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What we're protecting

So-called Victoria is home to globally significant forests.

These forests are not only important for biodiversity and the wildlife that relies on them, but they are vital for our water security, for carbon storage, and they are of great cultural significance to First Nations peoples.

From biodiverse forests in the Wombat State forest and Central West area to the magical forests of Far East Gippsland - the forests of Victoria are like none other on the planet. As well as being unique places to visit, our native forests also create a healthy, liveable environment for every Victorian.

But many of these forests are under imminent threat. Thousands of hectares of native forests are still being logged every year by the Victorian State Government, and more than 85% are wood-chipped to make cheap cardboard and packaging products which end up in landfill.

The Victorian state-owned logging company VicForests is heavily subsidised by tax-payers' money. This is in spite of overwhelming support for an end to native forest logging.

Our forests are worth so much more standing. That’s why more than 30 forest conservation groups have joined forces to form the VFA - so we can see the permanent protection and restoration of forests once and for all.

For wildlife

Victoria’s forests are home to hundreds of species of plants and animals which are directly impacted by logging. Species such as the Greater Glider, Koala, Leadbeater’s Possum, Sooty, Powerful and Masked Owls, rare frogs and reptiles, galaxias, and so much more.

Many of these species need large old hollow-bearing trees to survive. Their habitat continues to be targeted for logging despite massive declines in their numbers from past logging, bushfires, and climate change.

For climate

Mountain Ash forests are one of the most carbon dense in the world storing up to 10,000 tonnes of carbon per hectare. Since colonisation, less than 2% of Victoria's Mountain ash forests now remain.  If we end logging in the Central Highlands it would save 3.2 million tonnes of carbon dioxide emissions per year and achieve 5% of the emissions cuts needed to meet Australia's carbon reduction target for 2020.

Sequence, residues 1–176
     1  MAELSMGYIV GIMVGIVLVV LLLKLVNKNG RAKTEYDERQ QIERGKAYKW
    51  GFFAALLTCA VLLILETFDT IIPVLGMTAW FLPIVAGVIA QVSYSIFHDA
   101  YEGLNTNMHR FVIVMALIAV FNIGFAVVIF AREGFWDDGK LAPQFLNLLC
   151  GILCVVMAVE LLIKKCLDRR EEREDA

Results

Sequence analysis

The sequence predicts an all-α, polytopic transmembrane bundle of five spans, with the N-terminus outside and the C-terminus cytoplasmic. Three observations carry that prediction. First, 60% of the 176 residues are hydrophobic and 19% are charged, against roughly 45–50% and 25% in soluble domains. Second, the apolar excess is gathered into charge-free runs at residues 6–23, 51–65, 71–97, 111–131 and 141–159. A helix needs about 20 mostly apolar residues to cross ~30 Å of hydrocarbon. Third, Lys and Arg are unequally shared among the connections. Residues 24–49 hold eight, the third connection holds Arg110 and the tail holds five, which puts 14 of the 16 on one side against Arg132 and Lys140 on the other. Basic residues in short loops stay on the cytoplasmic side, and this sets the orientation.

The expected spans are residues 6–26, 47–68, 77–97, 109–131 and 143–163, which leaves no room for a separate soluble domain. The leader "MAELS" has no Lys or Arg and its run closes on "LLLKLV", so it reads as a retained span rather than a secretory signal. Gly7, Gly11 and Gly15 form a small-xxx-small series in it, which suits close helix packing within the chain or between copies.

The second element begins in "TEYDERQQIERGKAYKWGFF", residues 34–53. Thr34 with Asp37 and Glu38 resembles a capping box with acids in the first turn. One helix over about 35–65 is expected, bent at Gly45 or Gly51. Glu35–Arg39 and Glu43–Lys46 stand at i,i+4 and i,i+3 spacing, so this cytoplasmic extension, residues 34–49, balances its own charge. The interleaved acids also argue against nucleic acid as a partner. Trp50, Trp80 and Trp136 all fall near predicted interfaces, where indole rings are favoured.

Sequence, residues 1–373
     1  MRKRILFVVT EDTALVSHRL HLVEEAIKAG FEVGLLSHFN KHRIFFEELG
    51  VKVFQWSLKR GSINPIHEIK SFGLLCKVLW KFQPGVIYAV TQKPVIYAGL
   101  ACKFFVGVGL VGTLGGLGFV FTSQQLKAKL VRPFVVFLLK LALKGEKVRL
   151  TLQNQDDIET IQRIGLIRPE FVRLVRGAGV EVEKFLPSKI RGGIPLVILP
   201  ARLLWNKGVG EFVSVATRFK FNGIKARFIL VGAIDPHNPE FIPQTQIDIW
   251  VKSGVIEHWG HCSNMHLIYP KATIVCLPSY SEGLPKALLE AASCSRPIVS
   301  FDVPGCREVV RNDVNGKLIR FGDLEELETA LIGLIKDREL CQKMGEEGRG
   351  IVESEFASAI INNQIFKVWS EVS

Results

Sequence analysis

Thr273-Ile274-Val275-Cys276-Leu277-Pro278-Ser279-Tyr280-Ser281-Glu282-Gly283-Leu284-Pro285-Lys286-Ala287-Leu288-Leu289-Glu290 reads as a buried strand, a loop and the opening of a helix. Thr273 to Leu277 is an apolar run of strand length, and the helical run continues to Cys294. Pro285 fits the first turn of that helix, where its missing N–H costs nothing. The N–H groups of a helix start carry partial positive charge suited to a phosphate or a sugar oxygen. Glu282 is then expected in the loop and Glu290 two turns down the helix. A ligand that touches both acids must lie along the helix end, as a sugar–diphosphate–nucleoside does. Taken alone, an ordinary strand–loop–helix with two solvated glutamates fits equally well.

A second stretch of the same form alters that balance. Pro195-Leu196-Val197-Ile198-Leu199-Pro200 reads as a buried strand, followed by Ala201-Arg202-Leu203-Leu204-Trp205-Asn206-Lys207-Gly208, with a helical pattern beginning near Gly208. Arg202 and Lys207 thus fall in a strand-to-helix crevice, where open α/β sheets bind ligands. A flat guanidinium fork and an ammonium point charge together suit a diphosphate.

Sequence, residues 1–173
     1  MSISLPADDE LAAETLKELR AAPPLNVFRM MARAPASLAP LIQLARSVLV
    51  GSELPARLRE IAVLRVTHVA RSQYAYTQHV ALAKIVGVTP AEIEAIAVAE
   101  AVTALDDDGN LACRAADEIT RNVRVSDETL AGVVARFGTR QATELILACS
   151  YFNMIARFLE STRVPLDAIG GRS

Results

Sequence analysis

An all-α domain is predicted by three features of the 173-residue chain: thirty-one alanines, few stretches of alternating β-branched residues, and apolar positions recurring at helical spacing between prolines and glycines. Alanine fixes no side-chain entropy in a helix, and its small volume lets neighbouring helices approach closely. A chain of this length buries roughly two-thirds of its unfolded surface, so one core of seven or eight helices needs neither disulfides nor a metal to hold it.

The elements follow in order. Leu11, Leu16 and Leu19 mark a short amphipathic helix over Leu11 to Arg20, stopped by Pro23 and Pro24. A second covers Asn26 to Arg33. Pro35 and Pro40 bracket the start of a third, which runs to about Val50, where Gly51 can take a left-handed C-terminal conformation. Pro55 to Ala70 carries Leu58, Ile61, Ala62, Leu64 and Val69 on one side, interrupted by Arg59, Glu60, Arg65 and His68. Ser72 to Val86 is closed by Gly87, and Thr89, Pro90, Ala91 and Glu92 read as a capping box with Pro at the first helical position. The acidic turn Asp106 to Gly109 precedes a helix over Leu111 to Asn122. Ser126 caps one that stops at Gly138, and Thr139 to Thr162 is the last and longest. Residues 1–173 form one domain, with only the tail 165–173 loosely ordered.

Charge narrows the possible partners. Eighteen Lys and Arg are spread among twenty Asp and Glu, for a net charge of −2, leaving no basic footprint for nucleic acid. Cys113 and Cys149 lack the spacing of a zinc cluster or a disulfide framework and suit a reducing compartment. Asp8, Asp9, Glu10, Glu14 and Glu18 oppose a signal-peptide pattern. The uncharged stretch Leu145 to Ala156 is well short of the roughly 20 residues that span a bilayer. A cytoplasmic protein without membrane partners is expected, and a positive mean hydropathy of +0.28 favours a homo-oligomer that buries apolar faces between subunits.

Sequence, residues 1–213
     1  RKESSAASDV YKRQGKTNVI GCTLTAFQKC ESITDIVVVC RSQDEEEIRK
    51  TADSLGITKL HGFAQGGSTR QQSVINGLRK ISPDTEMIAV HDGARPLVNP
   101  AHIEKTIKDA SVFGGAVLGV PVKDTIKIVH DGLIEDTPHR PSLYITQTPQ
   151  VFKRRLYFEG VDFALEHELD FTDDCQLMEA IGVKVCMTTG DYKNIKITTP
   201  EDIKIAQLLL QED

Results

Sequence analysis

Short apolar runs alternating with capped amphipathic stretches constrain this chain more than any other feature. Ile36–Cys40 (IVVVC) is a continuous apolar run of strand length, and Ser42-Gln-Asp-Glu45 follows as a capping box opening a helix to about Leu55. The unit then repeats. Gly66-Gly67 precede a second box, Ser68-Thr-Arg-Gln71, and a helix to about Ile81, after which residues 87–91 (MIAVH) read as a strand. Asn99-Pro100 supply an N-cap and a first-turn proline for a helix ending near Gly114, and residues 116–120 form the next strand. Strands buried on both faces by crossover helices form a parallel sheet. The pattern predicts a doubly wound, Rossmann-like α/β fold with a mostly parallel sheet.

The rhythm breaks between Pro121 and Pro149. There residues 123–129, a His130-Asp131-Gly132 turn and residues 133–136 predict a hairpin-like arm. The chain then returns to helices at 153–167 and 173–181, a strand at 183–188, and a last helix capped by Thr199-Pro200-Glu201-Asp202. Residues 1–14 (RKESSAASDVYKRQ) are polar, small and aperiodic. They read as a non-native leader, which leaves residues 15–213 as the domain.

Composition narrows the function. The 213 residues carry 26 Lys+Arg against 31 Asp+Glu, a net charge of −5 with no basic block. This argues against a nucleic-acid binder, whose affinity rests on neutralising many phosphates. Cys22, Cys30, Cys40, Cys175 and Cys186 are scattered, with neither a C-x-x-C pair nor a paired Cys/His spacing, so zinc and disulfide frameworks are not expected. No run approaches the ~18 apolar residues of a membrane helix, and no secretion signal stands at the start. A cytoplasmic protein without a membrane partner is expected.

For water

Melbourne relies on the forests in the Central Highlands for water supply. Studies have shown water catchments can be heavily impacted by logging. 

For First Nations Peoples

The forests of so-called Victoria are on a number of sovereign Aboriginal  . Forests hold spiritual and cultural significance for First Nations peoples. They hold stories, are meeting places, and the animals are totems for the Traditional Custodians. The forests are rich repositories of food, fibre and medicinal plants which are fundamental to the cultural heritage of First Nations peoples.

The VFA supports the return of the forests to the custodianship to First Nation peoples and acknowledges the important links between First Nations justice and environment campaigns. We must dismantle the systems which continue to oppress First Nations people, and end destructive practices which continue to desecrate forests on stolen land.

For safety against bushfires

The links between logging and bushfires are well known and understood. Younger forests are much drier and burn hotter than older mature forests. Communities living close to forests are increasingly put at risk by logging close to towns. 

The 2019/2020 bushfires wiped out more than a billion native animals. Logging must end to reduce the future risk of bushfires. 

For communities

Forests hold important values for local communities and provide sustainable, long-term employment through nature-based tourism. Logging undermines key industries in these communities including apiary businesses, ecological educators, tourism operators and fish hatcheries.